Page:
KFC Offers to Fill Up the Nation’s … Potholes

Kentucky Fried Chicken today announced its own urban renewal program. The chicken chain has offered to fill up the potholes in five major U.S. cities to promote its “fresh” brand positioning.

Giving back has become a trend
for marketers, including Starbucks, Kellogg’s Frosted Flakes and others that have centered their message around helping the community.

KFC sent a letter to U.S. mayors today asking them to nominate their cities’ roads to be refreshed. Every pothole filled by the fast feeder will be covered in nonpermanent street chalk with the words “Re-freshed by KFC.”

Jason Vargas of the experiential marketing agency Marketing Werks applauded the effort: “That’s street marketing at its finest. It’s a cool way of breaking through the clutter and building buzz.”

The guerilla/community service effort touts the fact that the chain uses only fresh chicken shipped in weekly. The chain’s head marketer Javier Benito, said in a statement, that this is “a perfect example of that rare and optimal occurrence when a company can creatively market itself and help local governments and everyday Americans across the country.”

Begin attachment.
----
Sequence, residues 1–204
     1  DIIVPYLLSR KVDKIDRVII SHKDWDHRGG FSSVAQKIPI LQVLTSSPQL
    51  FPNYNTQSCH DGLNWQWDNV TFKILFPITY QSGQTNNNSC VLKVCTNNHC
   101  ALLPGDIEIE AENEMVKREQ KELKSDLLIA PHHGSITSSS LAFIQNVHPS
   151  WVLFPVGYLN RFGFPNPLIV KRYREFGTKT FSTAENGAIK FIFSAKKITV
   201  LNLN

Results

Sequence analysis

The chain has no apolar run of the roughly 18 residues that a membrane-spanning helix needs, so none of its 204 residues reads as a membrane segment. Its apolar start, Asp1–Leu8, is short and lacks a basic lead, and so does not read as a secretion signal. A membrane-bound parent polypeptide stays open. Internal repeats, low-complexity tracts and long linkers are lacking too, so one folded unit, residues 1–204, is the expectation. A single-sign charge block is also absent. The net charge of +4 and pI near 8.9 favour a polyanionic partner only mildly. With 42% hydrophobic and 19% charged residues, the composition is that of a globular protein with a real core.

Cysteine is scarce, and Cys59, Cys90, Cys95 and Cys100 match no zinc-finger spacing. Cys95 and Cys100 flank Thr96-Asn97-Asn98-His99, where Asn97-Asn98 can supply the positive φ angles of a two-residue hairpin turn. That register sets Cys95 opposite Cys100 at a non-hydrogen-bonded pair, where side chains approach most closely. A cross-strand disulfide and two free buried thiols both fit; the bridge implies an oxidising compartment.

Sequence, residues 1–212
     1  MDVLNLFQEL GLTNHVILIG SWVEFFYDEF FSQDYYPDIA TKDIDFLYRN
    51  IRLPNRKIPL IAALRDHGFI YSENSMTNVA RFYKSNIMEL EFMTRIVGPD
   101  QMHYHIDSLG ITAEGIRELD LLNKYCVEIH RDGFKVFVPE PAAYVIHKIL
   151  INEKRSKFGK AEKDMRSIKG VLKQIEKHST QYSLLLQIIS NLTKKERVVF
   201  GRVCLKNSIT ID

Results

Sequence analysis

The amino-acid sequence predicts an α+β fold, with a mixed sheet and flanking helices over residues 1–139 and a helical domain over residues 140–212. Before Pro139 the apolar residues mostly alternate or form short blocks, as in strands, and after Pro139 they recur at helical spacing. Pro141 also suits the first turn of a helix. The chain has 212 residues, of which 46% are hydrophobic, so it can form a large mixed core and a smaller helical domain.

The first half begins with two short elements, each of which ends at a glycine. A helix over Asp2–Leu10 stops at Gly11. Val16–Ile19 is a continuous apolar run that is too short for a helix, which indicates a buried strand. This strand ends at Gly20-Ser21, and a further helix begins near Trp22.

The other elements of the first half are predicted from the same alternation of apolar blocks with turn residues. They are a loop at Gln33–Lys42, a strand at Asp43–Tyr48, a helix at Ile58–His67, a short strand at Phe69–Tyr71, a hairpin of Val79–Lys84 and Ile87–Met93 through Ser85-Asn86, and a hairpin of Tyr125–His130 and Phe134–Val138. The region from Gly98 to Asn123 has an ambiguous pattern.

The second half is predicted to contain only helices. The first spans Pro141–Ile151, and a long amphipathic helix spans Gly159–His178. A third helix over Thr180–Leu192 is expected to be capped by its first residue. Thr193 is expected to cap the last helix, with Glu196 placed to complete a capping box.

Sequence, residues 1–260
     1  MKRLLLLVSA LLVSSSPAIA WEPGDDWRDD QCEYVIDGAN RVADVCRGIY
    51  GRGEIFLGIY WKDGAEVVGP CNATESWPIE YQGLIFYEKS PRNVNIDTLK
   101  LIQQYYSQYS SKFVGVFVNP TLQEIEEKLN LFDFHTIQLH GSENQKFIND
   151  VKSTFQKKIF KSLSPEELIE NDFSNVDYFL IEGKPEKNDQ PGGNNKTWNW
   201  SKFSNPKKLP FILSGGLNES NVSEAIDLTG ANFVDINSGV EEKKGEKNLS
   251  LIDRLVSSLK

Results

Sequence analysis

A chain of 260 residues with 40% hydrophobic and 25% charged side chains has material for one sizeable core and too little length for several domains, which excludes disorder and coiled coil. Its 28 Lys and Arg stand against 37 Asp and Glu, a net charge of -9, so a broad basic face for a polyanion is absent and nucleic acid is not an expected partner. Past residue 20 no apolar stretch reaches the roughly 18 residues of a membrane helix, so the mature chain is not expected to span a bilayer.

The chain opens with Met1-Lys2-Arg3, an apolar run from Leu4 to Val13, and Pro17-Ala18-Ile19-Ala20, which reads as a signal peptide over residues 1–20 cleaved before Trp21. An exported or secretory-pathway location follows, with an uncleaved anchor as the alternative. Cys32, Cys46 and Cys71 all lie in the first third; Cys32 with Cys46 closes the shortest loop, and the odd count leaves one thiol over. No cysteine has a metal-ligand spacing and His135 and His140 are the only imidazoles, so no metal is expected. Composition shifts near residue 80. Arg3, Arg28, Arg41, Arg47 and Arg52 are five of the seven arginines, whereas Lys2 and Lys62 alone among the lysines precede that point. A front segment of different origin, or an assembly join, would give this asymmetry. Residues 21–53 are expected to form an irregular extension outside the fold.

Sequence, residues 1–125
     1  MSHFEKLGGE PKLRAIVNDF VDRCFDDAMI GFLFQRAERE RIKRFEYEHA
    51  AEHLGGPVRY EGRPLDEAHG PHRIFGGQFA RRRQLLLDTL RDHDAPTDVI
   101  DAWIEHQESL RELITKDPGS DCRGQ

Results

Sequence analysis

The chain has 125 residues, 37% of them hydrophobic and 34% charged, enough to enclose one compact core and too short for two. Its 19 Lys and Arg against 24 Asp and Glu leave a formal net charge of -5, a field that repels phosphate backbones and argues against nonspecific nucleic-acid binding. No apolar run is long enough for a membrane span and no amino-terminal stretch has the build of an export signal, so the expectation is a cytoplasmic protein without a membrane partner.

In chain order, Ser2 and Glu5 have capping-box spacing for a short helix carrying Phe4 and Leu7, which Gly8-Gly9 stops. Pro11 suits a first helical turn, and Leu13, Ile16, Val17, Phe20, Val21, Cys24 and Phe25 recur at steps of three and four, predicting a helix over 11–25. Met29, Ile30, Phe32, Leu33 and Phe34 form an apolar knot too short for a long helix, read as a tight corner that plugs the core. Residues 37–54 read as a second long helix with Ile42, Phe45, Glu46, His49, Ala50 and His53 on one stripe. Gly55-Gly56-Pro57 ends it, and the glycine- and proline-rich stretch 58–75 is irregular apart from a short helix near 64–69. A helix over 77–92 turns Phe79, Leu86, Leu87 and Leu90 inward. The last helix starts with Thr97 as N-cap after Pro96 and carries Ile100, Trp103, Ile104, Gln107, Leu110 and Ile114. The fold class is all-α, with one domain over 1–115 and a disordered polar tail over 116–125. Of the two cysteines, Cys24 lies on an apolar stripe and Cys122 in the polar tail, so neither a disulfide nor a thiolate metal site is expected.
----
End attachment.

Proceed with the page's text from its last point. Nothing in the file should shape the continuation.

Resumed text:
The chain estimates there are roughly 350 million potholes in the U.S. It  kicked off the effort in its hometown of Louisville, Ky. ,today.

Not everyone is enthused about the publicity stunt. “There is an aggressiveness towards moving into new dimensions of public spaces. This would be another example of this unfortunate incursion of advertising messaging into [consumers’ lives],” said Robert Weissman, director of Commercial Alert. “KFC should fix their menu first.”

KFC’s 2008 U.S. sales were off about 1% at an estimated 5.1 billion, per Technomic, Chicago. It spent $291 million on U.S. media last year, excluding online, per Nielsen Monitor-Plus.